WASHINGTON — Israeli Prime Minister Benjamin Netanyahu declined to say whether he now believes in a two-state solution, saying it was up to the Palestinians to prove that a sovereign state would not threaten Israel.
“I want a solution where they have all the power they need to govern themselves but none of the powers to threaten,” Netanyahu said Wednesday, addressing The Economic Club of Washington. “Does that comport with full sovereignty? I don’t know, but it’s what we need to live.”
Netanyahu’s conditions for a final status deal have not changed: He said as he has in the past that it is critical that Israel retain “overriding security” control in the West Bank, and that it control airspace.
“If you say Israel’s airspace stops at Ben Gurion Airport, well, we’re dead,” Netanyahu said, noting how close Israel’s international airport is to the West Bank.
However, in his remarks Wednesday — echoing a similar conversation he had Monday with Israeli journalists following his meeting with President Donald Trump — Netanyahu retreated from forecasting a two-state solution, language he had previously embraced.
“We will be ready in a future peace agreement to reach a solution where a demilitarized Palestinian state exists alongside the Jewish state,” Netanyahu said in 2009 in a speech at Bar-Ilan University delivered at the behest of the Obama administration.
Soon after assuming the presidency, Trump last year retreated from U.S. policy embracing two states, saying the ultimate contours of a deal should be up to the parties. The Palestinians officially endorse a two-state outcome. The Trump administration wants to revive Israeli-Palestinian peace talks.
Netanyahu since then has avoided mentioning two states. A year ago he disavowed a Likud party statement that he no longer believed in two states, but did not recommit to the premise. His comments in recent days are the the first time he has acknowledged that his preferred outcome might not result in Palestinian statehood.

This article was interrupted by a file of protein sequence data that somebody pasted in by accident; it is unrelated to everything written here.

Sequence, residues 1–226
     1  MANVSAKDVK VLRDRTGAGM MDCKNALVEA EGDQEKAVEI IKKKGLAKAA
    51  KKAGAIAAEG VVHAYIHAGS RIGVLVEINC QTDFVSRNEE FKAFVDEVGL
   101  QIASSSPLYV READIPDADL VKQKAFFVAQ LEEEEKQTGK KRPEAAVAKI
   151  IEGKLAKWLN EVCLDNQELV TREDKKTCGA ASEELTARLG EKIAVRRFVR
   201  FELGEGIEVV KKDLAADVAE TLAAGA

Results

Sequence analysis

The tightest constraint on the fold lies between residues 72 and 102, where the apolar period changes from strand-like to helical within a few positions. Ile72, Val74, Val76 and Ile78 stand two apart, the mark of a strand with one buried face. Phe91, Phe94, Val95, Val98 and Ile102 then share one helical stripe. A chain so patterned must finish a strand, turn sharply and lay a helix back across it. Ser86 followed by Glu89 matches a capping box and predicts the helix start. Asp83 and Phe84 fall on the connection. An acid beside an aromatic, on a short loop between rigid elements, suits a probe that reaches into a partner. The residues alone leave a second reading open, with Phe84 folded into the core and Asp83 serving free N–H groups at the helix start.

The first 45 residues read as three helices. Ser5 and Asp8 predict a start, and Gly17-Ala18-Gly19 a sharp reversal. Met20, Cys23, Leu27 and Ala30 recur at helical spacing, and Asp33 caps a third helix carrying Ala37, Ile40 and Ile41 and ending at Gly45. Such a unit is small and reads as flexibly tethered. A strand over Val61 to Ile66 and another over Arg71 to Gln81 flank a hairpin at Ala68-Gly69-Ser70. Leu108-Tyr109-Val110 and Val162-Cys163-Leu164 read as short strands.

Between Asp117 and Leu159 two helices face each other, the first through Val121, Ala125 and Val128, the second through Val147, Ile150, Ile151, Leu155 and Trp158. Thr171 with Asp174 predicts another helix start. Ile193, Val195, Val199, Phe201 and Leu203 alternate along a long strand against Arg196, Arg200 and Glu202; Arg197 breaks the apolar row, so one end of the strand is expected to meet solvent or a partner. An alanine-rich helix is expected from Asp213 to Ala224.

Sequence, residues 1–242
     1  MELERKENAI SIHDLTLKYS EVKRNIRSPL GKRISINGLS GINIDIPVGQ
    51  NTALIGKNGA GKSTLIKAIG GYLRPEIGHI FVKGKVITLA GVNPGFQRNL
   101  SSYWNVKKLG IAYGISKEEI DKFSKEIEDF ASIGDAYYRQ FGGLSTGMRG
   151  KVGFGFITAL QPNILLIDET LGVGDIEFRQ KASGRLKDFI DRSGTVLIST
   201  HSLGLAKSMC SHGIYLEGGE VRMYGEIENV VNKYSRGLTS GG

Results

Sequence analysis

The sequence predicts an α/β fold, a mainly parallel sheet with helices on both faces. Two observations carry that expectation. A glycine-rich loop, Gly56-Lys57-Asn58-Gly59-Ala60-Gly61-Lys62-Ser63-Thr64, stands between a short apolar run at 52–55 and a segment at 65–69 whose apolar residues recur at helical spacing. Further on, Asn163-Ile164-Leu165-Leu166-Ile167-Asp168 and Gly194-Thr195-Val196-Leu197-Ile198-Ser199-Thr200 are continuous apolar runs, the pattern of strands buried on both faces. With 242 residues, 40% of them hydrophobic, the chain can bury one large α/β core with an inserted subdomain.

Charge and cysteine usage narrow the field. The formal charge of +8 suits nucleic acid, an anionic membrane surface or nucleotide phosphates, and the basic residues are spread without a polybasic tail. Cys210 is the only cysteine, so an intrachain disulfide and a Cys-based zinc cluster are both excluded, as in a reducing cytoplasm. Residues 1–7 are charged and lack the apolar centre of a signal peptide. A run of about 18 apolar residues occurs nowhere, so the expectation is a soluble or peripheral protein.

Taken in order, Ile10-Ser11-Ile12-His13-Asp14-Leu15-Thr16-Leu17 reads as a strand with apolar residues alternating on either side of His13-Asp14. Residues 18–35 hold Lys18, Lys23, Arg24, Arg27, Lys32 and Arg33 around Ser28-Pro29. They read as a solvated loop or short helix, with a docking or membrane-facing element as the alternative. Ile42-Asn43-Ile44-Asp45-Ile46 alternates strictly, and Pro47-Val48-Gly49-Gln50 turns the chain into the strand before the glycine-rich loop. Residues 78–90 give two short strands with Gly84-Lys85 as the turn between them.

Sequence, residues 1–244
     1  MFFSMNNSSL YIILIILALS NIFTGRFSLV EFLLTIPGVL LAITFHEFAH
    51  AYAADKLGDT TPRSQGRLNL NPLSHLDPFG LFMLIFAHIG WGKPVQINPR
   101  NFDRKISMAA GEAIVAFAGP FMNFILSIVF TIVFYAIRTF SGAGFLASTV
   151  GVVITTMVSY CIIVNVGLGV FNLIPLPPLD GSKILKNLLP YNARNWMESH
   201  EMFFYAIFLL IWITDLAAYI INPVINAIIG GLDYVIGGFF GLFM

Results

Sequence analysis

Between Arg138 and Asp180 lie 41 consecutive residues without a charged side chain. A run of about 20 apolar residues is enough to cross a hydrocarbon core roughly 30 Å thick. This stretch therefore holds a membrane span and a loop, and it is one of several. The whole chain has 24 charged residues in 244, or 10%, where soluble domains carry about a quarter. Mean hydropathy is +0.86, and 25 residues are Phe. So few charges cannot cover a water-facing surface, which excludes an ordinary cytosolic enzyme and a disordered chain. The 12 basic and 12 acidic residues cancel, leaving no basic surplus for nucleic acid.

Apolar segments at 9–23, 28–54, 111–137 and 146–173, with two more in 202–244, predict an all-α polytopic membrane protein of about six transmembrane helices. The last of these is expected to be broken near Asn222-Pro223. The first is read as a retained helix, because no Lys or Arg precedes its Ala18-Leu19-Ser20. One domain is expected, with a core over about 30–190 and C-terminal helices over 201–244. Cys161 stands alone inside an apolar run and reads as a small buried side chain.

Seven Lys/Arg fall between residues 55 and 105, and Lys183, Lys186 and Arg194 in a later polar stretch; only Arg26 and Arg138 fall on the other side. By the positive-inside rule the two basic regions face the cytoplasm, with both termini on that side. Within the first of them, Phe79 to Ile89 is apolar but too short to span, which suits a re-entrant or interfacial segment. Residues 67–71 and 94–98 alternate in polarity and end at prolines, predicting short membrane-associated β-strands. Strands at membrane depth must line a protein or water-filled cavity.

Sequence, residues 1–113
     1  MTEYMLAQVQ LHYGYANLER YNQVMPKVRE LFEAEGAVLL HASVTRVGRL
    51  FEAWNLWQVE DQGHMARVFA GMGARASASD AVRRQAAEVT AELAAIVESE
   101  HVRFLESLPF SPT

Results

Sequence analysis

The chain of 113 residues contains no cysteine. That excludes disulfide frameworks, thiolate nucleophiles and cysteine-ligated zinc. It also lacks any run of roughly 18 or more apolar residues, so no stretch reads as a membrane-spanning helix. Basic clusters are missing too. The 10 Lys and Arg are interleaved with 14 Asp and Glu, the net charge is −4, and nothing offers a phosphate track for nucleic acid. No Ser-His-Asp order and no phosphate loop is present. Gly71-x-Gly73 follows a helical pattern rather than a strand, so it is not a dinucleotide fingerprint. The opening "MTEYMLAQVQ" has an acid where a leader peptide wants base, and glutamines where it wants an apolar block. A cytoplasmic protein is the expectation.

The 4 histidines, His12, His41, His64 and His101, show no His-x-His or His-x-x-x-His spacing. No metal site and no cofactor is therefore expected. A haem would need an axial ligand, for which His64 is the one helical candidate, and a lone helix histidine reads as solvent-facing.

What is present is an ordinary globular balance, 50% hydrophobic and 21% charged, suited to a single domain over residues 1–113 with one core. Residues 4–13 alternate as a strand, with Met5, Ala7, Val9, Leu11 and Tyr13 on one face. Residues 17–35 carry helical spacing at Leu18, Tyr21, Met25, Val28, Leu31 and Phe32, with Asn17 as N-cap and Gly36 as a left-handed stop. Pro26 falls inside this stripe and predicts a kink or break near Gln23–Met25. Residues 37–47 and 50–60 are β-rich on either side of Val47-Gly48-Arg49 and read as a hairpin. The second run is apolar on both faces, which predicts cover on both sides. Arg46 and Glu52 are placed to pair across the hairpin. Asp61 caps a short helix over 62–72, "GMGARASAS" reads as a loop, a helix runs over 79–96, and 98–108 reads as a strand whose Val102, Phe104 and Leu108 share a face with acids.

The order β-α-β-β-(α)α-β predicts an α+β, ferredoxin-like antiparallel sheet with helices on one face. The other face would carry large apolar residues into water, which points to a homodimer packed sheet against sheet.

The distinction is significant because under Netanyahu’s previous formulation, a sovereign Palestine could still conduct an independent foreign and trade policy, however demilitarized it was.
“Most people would agree to an arrangement of the kind you’re talking about if the Palestinians wanted a state next to Israel,” Netanyahu told his host, David Rubenstein, the president of The Economic Club, which brings together the Washington, D.C., business community with diplomats. Rubenstein, a financial consultant and philanthropist, had asked about a two-state solution.
The Palestinians want a state in place of Israel, Netanyahu said. The Palestinian Authority emphatically denies the claim.
Netanyahu said the media overstated his tensions with former President Barack Obama, but also acknowledged he had better relations with Trump, who has embraced Netanyahu’s rejection of the 2015 Iran nuclear deal.
“I had very good relations with all three of them but I disagreed with them” on Israeli national security issues, Netanyahu said, describing his interactions with Obama, Trump and Bill Clinton. He cited Obama’s deal with Israel guaranteeing it $38 billion over 10 years in defense assistance as an instance where he “deeply appreciated” the previous president.
“With President Trump, I have fewer disagreements,” he said. “It’s fair to say I don’t have any disagreements.”
Netanyahu’s overarching message to the crowd of businesspeople: Invest in Israel, a leader in technological innovation.
“If you’re not in Israel, you’re falling behind,” he said.
Netanyahu credited Israel’s intelligence services as a main driver of its economy. He said the skills acquired during military service helped create generation after generation of entrepreneurs.
In absolute numbers of personnel, the prime minister said, Israel had the second largest intelligence collection community in the world after the United States.
“We convert that sunk cost into thousands of startups,” said Netanyahu, using a term that describes unrecoverable spending.